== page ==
More countries have joined the United States by signing the Artemis Accords. It is a set of rules binding the participants of the Artemis lunar exploration program. NASA announced the seven countries who have signed the same on October 13 during the International Astronautical Congress. The states are the United Kingdom, the United Arab Emirates, Luxembourg, Italy, Japan, Canada, and Australia. The signing happened through a virtual ceremony.
According to Jim Bridenstine, the principles will play a massive role in maintaining peace. The NASA administrator added that the accord would come through transparency and conflict avoidance measures. Another aspect will be public registration. The principles are on a seven-page document and set the ground rules that the participating countries will abide by in the future. They revolve around the likes of preservation of space heritage, interoperability, usage of the space resources, and releasing scientific data.
According to Bridenstine, there was a need for the rules given the Artemis program’s overwhelming interest. It is also an enhancement of the Outer Space Treaty. There has been a recent release of the accords. As much as not many people know the original ones, one of the few Mike Gold says that the latest is an improved version of the original one.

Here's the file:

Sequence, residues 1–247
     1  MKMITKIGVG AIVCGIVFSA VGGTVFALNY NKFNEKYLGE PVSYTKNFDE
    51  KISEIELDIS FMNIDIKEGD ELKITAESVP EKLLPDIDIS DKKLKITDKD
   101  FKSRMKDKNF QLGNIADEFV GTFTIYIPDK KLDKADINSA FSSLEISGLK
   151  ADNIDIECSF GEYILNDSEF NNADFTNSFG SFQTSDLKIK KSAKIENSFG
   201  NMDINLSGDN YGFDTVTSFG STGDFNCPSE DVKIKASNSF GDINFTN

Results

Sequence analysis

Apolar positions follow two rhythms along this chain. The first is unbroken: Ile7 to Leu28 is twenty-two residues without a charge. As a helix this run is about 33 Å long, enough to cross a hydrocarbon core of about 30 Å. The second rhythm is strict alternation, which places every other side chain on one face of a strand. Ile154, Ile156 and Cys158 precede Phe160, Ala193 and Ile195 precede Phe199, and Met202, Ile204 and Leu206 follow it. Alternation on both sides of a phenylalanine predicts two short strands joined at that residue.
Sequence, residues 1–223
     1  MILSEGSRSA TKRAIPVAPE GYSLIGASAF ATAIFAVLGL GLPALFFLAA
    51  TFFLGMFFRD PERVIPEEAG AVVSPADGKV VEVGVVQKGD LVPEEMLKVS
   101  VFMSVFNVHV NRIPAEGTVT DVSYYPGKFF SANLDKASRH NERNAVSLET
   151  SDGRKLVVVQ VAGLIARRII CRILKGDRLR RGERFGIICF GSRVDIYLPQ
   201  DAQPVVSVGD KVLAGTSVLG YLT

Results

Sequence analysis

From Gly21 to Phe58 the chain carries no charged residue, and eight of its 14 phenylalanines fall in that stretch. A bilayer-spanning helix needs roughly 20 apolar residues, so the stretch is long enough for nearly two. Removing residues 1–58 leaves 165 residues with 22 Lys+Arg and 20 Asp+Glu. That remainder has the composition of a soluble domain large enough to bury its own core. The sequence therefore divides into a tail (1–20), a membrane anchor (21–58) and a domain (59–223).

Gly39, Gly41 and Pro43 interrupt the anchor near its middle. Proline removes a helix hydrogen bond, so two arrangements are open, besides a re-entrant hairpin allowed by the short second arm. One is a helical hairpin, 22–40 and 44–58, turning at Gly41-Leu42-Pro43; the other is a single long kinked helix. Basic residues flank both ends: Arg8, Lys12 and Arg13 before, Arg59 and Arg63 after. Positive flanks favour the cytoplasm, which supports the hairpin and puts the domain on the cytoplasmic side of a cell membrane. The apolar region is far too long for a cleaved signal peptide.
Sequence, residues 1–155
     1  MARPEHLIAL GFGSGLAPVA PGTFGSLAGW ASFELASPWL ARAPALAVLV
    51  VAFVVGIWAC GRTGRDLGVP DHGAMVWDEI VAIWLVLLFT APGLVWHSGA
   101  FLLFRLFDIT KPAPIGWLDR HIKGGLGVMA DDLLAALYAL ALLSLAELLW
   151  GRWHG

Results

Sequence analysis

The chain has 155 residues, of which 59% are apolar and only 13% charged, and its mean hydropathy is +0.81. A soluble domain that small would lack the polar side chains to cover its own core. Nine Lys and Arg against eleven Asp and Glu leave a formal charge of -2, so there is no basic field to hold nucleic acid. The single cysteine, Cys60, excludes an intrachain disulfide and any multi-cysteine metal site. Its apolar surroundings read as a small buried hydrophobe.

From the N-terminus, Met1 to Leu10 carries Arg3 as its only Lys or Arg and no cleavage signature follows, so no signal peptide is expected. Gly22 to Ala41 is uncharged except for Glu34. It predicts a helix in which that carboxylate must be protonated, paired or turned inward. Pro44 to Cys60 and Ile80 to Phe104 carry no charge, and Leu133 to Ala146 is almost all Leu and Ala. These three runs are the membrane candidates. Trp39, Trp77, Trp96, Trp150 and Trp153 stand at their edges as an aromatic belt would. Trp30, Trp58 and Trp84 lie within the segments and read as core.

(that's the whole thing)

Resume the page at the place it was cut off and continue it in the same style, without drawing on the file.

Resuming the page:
Initially, its focus was on the moon and Mars explorations. However, it considered the interests of other countries such as Japan, including comet and asteroid missions. NASA says that it is a better way of carrying bilateral agreements than using the United Nations. After all, the latter method would include the international body to converge the countries, requiring time. On the other hand, the agency’s approach saves time and brings all partners on-board.
As of now, there are existing agreements between NASA and Japan, Italy as well as Australia. Canada promised to contribute to the agency’s lunar Gateway. Gold says that the eight countries are but the beginning. Other countries are also welcome to join the Artemis program as long as they are willing to adhere to the Artemis accords. So, the interested states will be allowed to sign this later in the year.
Nevertheless, China might not be in a position to join. After all, the Wolf Amendment, there cannot exist any bilateral activities between NASA and China. So, unless the federal law changes, it will not be possible for China to sign the Artemis Accords.
At the same time, Keith Krach says that signing the accords is not mandatory. However, regardless of the number of countries that will sign, they must stick together. Bridenstine appreciates the number of those that have already signed but hopes that more will join later as well.